By Kate Philbin – copywriter
As a blogger and journalist I have found myself doing some weird stuff over the years … sitting naked inside a chamber being bombarded with ozone, for example; leading a horse around an obstacle course using only my thoughts; reviewing a Shakespeare production performed inside a gigantic steel box with only buckets of blood as props.
But my latest foray for the College of Body Science has got to rank as the weirdest of all – simultaneously awesome and awful (although more of the former as the day went on).
I spent the day in the Dissection Room at King’s College London observing a group of complementary therapists being taught anatomy & physiology by Caroline Barrow, founder of the College of Body Science. With a degree in Biomedical Science from King’s College, she is passionate about helping therapists to understand more about the workings of the body they are treating. While it is possible to learn the theory of anatomy & physiology from a book, she believes there is no comparison with seeing it ‘in the flesh,’ and her links with King’s means she has privileged access its Dissection Room.
Here, people who donate their bodies to medical science after death provide students with extraordinary insights into the workings of the human body. Skilled technicians dissect the bodies to reveal the bones, muscles, tissues and major organs. Each specimen is carefully prepared to illustrate a different area of the body.
I arrived late, having got lost en route, and the slight queasiness of apprehension was exacerbated by the stress of walking around in the pouring rain, following my unhelpful satnav which led me down all sorts of blind alleys. As I entered the room I was greeted by a friendly technician who showed me where to put my bag and gave me a white lab coat. No electronic devices of any type are allowed in the Dissection Room. This is sensitive stuff – these were people’s loved ones – and they cannot risk photographs finding their way into the public domain.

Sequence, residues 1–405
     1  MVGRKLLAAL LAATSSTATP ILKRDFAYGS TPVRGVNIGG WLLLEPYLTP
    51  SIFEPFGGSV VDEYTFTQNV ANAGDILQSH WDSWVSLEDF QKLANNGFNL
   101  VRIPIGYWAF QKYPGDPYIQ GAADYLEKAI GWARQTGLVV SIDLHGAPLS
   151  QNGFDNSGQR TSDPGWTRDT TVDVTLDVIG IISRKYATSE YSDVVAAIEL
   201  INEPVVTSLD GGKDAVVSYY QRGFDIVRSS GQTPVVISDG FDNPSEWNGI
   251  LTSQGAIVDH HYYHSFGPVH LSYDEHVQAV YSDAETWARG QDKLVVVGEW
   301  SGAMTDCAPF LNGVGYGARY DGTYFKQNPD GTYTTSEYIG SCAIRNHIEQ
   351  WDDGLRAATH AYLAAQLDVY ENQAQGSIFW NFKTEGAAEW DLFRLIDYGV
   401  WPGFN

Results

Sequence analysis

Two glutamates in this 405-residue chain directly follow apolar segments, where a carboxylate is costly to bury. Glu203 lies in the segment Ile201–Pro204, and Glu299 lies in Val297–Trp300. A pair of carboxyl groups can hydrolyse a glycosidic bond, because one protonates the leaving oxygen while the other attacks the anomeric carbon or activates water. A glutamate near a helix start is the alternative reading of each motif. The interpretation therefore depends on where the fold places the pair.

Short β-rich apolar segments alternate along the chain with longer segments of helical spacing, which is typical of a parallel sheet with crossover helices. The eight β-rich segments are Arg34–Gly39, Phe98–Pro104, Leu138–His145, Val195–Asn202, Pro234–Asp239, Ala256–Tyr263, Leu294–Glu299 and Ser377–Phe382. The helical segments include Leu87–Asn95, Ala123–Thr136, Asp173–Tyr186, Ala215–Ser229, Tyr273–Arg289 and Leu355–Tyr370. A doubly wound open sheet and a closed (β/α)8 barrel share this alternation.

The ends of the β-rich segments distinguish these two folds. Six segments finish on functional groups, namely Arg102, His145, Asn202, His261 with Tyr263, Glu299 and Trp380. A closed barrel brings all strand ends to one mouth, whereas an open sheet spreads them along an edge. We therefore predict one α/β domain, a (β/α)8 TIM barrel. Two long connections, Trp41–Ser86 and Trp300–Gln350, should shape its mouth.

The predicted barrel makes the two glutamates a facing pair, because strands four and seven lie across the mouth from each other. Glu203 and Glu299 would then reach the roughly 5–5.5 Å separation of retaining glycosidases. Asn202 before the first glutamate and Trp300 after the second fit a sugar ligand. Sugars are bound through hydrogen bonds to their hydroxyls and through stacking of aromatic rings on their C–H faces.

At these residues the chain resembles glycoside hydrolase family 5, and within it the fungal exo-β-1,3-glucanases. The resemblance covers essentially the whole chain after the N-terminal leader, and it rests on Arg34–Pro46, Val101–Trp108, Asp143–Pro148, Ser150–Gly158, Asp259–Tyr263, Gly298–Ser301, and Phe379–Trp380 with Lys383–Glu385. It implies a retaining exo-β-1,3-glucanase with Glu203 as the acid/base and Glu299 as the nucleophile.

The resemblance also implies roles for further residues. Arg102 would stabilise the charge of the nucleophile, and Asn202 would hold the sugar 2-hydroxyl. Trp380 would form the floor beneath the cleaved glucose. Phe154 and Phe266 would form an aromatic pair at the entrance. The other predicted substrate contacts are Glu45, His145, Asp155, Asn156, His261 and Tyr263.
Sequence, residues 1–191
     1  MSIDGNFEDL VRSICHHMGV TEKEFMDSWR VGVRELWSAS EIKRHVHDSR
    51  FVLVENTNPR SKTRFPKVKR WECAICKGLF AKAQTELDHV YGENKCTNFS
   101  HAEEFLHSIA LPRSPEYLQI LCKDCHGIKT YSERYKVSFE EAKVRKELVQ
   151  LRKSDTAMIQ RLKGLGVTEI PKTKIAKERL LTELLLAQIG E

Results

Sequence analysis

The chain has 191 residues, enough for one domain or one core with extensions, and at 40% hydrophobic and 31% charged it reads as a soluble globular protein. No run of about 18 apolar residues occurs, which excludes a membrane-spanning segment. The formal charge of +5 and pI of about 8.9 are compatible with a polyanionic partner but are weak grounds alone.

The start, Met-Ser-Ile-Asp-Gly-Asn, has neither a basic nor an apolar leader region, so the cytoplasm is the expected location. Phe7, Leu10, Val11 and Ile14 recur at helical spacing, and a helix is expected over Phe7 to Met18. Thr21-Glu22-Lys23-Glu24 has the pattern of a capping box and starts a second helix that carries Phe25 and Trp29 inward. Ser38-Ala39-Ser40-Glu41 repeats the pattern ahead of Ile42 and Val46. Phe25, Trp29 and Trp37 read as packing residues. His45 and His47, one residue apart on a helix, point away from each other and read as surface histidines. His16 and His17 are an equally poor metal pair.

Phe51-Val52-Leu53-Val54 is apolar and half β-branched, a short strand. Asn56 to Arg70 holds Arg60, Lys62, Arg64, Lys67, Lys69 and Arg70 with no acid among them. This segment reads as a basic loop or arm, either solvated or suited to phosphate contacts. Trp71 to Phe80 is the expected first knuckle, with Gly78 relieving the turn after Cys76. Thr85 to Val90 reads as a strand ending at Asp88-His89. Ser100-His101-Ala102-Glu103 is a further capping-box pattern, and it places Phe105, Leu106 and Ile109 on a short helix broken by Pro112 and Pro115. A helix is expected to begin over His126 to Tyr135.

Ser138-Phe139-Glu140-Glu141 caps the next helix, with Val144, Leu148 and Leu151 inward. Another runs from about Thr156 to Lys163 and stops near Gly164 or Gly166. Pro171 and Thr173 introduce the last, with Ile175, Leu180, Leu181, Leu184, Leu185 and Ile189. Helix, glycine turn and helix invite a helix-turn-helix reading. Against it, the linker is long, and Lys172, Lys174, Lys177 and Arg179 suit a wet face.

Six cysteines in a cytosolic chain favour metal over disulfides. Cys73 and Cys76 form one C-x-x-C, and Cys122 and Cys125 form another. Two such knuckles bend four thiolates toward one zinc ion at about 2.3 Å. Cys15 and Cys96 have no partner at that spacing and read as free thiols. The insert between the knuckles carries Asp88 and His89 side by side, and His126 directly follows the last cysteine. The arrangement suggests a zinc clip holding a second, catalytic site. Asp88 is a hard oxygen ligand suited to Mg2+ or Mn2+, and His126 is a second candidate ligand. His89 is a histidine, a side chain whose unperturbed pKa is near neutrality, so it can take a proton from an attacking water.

A group of students in white coats was standing around a stainless steel table – the sort you might see on a TV detective drama. I barely had time to register my amazement at finding myself inside a large room filled with such tables, each of which had fold up stainless steel sides that closed at the top to form a sort of stainless steel coffin shape. Written on each was the details of the person inside – age, sex and cause of death.
Caroline – one of those rare teachers whose absolute love of her subject and whose knowledge comes across in every word and gesture – would point to different parts of the body and ask who could identify it. There were gasps of recognition as people correlated the fleshy counterparts with the illustrations they had seen in their anatomy books. People were clearly awed to see these part of the body in situ, inside real people.
Later in the day, we moved on to looking at heads and brains. By this point, I had become more accustomed to the smell of formaldehyde and had wrestled my queasiness into submission. Nevertheless, there was something deeply emotional about looking into the faces of real people and peeling back the skin to reveal the muscle structure of the face.
I stood watching the students examining a human brain exclaiming at the dura, which is the covering of the brain which they feel for during a craniosacral therapy session. “How many times in your life will you get to hold a human brain?” I asked myself and reached across to take it from one of the other students. It felt weird – moving – to know I was holding a person’s being in my hands, their thoughts, emotions and memories. I stared at the strange lumpy grey mass and felt awed beyond measure, imaging the same thing inside my own head which was struggling to quite comprehend what I was seeing.
I am not a bodywork therapist so I was there for different reasons to the others. My role was to observe rather than to consolidate knowledge. However, I was no less awed and inspired by the experience. This is a challenging day, I won’t deny it, but for me the sense of wonder outweighed any sense of revulsion. One of the students I spoke to at the end said: “Everyone should do this, everyone should see this, even children… it’s who we are.” And, although I don’t concur with the idea that children should do it, I get what she means. It is an awesome experience to see inside the human body, to observe what we are made of.
For me, it raised more questions than it answered about how something so unbelievably complex has evolved. And it left me in deep respect of those people who give their bodies in this way so we can understand more and more about the human body. I will not forget the faces of those we studied and the faces of the students who were inspired by what they saw.